• Length. The parties must agree on the length of the earnout period. This includes determining whether there is a single earnout or multiple, staged earnout payments over time. The answers may well depend on the specific industry in question, taking into account seasonality and other aspects of potential volatility.
  • Control Over the Earnout Business. The seller wants to maximize its control over decision-making that can impact the earnout. This control can run the spectrum from full business control replicating the seller’s pre-closing operations to providing the buyer input (e.g., into hiring decisions) on specified decisions. The seller also usually asks the buyer for “commitments” to fund the earnout business properly or consistent with past practice, and even to take steps intended to maximize the ability to achieve the earnout benchmarks. The seller’s rationale is that, in most cases, these commitments help align the interests of the seller and the buyer to achieve the benchmarks. Most buyers resist making some or all of these commitments. Although the seller and buyer interests may well be aligned, the buyer, as the new owner of the business, usually wants the freedom to run the business as it sees fit. Further, the buyer may need to make decisions that are not ideal for achieving the earnout but may be best for the buyer’s businesses as a whole. For example, if the buyer’s overall enterprise shifts strategic or financial priorities, whether deliberately or in response to real-world events, the relative place of the acquired business in achieving those goals may similarly change.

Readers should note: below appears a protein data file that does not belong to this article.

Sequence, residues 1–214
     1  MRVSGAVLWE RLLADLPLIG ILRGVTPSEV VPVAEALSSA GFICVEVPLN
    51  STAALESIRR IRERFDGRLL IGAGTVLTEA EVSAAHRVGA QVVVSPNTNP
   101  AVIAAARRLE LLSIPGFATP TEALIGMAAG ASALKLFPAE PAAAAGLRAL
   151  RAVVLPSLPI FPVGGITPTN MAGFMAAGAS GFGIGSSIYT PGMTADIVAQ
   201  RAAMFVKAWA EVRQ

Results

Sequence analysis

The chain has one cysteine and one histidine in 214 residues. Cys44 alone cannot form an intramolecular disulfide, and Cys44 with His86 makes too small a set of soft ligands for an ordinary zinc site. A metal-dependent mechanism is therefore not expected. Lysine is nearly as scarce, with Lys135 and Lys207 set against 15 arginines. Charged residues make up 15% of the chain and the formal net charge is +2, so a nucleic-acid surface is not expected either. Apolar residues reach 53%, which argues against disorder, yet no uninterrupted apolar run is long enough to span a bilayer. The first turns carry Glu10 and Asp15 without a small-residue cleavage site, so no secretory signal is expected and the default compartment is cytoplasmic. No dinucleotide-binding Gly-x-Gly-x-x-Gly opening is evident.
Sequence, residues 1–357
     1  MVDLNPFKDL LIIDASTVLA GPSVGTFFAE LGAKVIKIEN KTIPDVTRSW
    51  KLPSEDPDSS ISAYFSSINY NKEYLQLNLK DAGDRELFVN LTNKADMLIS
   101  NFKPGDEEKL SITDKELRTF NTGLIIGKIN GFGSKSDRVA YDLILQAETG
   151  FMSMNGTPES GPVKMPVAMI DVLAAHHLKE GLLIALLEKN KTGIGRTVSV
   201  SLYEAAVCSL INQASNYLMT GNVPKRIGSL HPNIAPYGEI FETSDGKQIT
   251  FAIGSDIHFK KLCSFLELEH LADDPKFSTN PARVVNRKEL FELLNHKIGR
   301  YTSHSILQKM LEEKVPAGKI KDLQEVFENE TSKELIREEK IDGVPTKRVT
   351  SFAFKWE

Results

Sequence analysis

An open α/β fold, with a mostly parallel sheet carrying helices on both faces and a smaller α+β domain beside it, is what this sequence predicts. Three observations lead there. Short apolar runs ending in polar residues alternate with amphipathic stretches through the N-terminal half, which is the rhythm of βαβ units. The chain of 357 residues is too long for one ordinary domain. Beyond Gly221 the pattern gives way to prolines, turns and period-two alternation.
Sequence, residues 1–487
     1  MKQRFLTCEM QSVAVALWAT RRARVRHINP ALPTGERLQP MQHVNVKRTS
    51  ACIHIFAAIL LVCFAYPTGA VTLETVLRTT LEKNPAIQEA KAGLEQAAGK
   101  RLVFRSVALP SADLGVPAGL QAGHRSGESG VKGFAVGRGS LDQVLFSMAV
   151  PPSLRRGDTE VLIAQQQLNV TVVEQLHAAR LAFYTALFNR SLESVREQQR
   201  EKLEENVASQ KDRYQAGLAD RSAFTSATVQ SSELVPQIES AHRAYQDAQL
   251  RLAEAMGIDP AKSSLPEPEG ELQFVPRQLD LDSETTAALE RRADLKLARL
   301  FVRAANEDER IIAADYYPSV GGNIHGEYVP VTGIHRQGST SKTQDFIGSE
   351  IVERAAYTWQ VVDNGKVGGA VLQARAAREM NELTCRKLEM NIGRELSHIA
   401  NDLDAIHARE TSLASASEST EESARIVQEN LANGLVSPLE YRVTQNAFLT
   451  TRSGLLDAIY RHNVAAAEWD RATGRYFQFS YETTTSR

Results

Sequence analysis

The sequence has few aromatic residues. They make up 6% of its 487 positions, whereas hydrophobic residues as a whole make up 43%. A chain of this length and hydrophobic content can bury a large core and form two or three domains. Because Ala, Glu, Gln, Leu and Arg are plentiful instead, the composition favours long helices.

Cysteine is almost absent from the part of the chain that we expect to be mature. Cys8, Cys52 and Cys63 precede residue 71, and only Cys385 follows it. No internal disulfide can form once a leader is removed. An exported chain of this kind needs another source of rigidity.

• Tax and Accounting Treatment. Depending upon the circumstances, the buyer may need to record the fair value of the earnout as of the closing date under GAAP. In addition, parties often use earnouts to retain selling shareholders as key employees for a time after closing. However, if the payments become linked to employment (e.g., the earnout payments are not made if a seller shareholder ceases to be a target employee on the payment date), the payment may be considered compensation instead of the purchase price, which can have tax impacts for both buyer and seller.